Records show 4,188 bonuses were paid over the past three fiscal years to more than 2,150 employees, including doctors, nurses, administrators, secretaries and cleaners. Nearly 650 VA employees received a bonus in each of the three years. The VA has about 2,500 employees.
The bonus totals increased from $2.5 million in 2011, to $3.5million in 2012 and $3.9 million in 2013. The figures obtained by The Republic are much larger than figures recently posted online by two watchdog groups.
“The VA employee recognition and awards program provides an entire range of rewards to recognize employees who make contributions that support goals and objectives across the facility,” said Jean Schaefer, a Phoenix VA spokeswoman.
Roughly half of the Phoenix bonus payments went to doctors as part of a “physician performance pay” program.
Finally, since the last few cycles haven't been that positive, let's finish up with a small bit of good news that wasn't reported at all, since it came in the Friday news dump last week. We've finally decided to get out of the landmine business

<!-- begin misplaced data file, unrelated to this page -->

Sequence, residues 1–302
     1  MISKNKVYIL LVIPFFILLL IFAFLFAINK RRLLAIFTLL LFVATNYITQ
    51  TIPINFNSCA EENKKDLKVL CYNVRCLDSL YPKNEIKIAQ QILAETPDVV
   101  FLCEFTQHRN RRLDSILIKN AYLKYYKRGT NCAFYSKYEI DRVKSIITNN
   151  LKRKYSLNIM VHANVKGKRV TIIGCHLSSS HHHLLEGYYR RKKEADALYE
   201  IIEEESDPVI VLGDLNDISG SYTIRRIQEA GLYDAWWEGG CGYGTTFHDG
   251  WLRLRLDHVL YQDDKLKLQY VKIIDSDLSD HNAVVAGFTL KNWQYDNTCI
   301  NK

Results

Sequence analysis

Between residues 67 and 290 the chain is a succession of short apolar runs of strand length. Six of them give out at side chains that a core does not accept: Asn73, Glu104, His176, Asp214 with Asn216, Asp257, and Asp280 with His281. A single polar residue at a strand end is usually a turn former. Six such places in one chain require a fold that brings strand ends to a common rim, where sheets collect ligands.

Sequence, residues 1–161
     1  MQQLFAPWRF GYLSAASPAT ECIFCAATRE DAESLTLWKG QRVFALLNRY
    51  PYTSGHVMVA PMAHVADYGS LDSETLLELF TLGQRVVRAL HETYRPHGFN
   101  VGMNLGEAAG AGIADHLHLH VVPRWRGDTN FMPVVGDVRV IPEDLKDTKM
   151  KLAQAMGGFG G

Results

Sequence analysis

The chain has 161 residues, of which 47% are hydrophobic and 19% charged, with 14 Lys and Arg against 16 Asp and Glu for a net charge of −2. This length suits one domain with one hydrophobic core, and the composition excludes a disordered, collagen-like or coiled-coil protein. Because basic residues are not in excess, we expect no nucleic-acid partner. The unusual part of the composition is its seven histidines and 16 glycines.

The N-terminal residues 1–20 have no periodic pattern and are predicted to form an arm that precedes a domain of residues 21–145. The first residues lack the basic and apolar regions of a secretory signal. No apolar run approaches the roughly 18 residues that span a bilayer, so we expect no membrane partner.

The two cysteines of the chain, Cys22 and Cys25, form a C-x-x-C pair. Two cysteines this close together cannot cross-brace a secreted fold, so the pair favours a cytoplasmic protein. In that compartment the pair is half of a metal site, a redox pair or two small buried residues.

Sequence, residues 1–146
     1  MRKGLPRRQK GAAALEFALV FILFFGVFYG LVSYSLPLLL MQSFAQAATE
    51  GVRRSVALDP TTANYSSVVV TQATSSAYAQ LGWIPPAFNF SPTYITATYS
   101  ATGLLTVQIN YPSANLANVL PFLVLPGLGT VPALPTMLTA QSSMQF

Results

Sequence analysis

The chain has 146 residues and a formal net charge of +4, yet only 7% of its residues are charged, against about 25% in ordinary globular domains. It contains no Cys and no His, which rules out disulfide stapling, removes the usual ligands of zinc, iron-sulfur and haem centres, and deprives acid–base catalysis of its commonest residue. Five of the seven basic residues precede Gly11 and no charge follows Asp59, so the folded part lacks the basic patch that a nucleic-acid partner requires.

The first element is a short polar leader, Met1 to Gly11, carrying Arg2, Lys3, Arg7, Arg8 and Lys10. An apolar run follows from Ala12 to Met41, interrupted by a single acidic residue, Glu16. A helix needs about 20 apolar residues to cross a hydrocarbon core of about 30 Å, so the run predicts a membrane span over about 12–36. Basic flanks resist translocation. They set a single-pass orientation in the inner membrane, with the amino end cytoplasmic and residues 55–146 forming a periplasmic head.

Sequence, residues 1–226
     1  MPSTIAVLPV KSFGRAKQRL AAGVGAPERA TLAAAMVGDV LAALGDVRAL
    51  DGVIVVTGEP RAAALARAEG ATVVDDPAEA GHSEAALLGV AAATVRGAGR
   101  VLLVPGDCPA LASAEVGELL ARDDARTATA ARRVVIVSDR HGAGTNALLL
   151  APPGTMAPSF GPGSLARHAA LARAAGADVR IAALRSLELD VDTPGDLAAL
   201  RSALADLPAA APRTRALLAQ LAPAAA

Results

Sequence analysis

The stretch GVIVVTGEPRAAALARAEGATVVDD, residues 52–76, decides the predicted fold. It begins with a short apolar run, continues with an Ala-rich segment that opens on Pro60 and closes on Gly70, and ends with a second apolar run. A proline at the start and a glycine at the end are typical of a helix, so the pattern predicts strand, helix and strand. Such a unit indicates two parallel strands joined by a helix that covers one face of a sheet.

. Oh, we still have our stockpile, but no new mines are to be built. It's a step in the right direction, at least.
WASHINGTON — After two decades of waffling, the United States on Friday announced its intention to join an international treaty banning land mines, without setting a time frame while working through possible complications on the Korean Peninsula.
Human rights advocates applauded the progress, but said the Obama administration should immediately commit to a ban and begin destroying its stockpile, while Republicans accused the president of disregarding military leaders who wanted to maintain land mines in the U.S. arsenal.
The 15-year-old Ottawa Convention includes 161 nations that have signed on to prohibit the use, stockpiling, production and transfer of anti-personnel mines. President Bill Clinton had a goal of joining the treaty, but the Bush administration pulled back amid objections from military leaders. Obama ordered up a review of the U.S. policy when he came to office five years ago, and a U.S. delegation announced the change in position Friday to a land mine conference in Maputo, Mozambique.
"We're signaling our clear aspiration to eventually accede to the Ottawa Convention," White House press secretary Josh Earnest told reporters travelling with the president Friday.
Pentagon spokesman John Kirby said the United States has no land mines currently deployed around the globe but maintains an active stockpile of just over 3 million. "They are all in inventory and that's where they will stay," Kirby said. He added that the stockpile will begin to expire in about 10 years and be completely unusable in about 20 years.